A railroad coursing through a community in the Mountain State is no rarity, but the line that runs through the heart of downtown Saint Marys, West Virginia, is so remarkable that it's become a tourist attraction, says the town's mayor.
"It's certainly something to see tracks and a train running right through the middle of town—right down Second Avenue," Mayor Paul Ingram says of the CSX rail line.
"But it's been a part of our world since 1883, and it's the thing that visitors remark about most. Photography students travel from Ohio University just to set up their cameras and photograph the event."
Ingram, who grew up in Saint Marys and remembers when steam engines pulled the trains, says there's only been one accident that he can remember. Otherwise motorists know to pull off the street when the trains come through.
"There are plenty of warning lights and signals, and for a few minutes when the train comes through activity in the downtown stops and then resumes just as quickly," he says.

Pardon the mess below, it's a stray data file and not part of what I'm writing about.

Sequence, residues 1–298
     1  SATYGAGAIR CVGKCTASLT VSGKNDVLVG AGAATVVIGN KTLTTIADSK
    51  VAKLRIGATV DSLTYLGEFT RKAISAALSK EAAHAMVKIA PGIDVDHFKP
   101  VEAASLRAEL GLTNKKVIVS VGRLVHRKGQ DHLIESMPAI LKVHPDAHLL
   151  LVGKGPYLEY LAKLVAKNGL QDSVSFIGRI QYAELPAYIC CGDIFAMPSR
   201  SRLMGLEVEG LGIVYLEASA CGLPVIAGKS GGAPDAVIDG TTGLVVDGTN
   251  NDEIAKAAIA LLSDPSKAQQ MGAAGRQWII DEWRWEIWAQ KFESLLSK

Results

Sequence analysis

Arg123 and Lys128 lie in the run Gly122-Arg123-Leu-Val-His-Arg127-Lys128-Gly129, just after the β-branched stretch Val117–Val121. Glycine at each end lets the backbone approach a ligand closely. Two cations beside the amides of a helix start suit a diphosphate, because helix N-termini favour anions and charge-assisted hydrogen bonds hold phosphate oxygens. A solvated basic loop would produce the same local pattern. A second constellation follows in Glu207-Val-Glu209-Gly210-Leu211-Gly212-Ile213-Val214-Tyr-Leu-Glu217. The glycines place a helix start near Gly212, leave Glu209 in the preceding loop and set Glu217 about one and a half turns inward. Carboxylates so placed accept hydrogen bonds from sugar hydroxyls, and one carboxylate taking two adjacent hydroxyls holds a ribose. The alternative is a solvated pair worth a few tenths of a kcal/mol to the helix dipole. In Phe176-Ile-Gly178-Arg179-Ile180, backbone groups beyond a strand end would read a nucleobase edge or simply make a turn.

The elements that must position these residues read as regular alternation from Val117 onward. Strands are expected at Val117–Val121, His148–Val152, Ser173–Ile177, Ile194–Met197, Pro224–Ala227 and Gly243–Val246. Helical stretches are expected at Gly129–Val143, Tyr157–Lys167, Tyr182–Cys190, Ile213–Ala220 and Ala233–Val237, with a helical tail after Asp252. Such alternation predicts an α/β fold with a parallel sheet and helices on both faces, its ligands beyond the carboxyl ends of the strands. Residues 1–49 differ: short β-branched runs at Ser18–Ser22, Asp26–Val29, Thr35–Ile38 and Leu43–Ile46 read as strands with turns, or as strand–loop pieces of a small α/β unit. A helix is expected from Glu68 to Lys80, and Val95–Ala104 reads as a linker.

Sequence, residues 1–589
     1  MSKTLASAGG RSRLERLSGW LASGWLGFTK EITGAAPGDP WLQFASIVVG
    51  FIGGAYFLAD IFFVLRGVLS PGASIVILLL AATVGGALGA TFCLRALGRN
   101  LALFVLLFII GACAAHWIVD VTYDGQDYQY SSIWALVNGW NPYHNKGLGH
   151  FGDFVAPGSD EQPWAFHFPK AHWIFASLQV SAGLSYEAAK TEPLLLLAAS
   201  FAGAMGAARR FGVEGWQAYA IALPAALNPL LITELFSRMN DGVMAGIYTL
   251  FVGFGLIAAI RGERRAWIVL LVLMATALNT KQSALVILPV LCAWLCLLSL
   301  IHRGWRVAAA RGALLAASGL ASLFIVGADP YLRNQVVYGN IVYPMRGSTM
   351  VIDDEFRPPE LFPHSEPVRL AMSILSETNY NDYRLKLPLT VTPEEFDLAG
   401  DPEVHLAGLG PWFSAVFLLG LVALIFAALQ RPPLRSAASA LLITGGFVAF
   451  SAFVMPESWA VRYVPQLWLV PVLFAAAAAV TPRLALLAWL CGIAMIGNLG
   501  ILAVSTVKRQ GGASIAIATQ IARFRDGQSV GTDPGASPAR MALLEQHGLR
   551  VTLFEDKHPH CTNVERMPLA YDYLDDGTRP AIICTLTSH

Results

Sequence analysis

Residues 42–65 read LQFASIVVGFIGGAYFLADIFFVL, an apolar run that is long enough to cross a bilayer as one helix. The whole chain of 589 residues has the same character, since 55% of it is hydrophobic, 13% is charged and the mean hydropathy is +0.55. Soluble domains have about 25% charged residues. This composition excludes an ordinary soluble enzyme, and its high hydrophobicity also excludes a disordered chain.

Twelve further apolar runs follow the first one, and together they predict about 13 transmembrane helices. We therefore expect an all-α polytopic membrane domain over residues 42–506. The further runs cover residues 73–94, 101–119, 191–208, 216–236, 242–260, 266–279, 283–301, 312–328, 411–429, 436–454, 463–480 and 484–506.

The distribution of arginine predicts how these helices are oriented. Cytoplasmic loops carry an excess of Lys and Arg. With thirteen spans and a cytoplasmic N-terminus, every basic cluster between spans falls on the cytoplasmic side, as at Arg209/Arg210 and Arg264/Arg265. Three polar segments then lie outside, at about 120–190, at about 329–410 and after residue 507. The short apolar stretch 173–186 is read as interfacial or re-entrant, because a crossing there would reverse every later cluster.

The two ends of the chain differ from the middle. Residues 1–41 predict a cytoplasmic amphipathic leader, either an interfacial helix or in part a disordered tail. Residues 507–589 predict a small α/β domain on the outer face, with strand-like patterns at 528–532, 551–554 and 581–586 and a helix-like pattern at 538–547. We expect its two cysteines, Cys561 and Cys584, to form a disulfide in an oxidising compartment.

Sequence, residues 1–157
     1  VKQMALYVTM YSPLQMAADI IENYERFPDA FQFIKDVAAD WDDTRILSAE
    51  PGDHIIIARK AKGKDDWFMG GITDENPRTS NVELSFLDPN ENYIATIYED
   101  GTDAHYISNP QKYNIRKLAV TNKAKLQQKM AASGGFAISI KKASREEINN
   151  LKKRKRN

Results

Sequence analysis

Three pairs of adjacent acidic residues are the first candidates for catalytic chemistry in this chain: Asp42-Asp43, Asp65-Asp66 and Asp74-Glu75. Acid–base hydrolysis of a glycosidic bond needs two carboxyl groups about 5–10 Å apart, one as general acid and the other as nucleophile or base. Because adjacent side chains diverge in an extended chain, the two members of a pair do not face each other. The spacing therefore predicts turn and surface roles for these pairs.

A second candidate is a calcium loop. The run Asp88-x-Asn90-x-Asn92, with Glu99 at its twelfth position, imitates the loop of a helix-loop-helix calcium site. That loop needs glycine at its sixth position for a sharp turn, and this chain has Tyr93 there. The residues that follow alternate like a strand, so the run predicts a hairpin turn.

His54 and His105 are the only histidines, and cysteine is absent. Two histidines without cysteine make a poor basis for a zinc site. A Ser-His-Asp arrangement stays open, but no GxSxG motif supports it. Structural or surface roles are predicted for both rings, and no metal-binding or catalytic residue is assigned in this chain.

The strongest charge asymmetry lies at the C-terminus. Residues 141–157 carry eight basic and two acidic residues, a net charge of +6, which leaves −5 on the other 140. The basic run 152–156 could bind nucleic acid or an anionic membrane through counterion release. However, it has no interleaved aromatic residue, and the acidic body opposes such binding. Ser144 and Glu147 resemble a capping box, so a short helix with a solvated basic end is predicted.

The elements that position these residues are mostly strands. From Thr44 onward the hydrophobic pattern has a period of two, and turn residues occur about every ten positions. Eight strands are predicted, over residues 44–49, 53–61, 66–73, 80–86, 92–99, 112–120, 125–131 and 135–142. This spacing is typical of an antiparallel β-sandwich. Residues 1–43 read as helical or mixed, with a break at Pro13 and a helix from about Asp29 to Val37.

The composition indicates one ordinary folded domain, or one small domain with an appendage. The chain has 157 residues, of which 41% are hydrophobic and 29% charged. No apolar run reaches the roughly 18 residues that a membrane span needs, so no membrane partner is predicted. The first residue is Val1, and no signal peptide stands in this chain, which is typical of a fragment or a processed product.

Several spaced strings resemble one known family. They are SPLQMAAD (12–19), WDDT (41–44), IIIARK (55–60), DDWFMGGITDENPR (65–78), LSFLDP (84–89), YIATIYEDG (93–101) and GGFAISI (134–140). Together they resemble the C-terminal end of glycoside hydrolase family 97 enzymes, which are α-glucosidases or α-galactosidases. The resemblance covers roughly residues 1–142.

The line follows the valley of the Ohio River 86 miles from Parkersburg to Wheeling, passing through Saint Marys about 30 miles north of Parkersburg.
Some tourists will sit for hours, waiting for the train to pass, Ingram says, and the town of just more than 1,700 residents welcomes any who would come to watch the event, which happens multiple times daily.
"I'm not longer familiar with how often the train passes through," Ingram said, pausing briefly to allow an engine to incidentally rumble past, "but I've noticed that the number of cars is often longer. In one case, I counted 275 cars."
The seat of one of the state's smallest counties, 135-square-mile Pleasants County, Saint Marys is widely regarded for its small-town charm. established in 1849 by Alexander Creel, who is said to have had a vision of Mary while passing the townsite by boat on the Ohio River.
The community has become a center for boating and float-fishing on the Ohio River and flat-water kayaking on Middle Island Creek, which enters the Ohio above the town.
Saint Marys is one of the few remaining towns in the United States where freight trains share city streets with automotive traffic.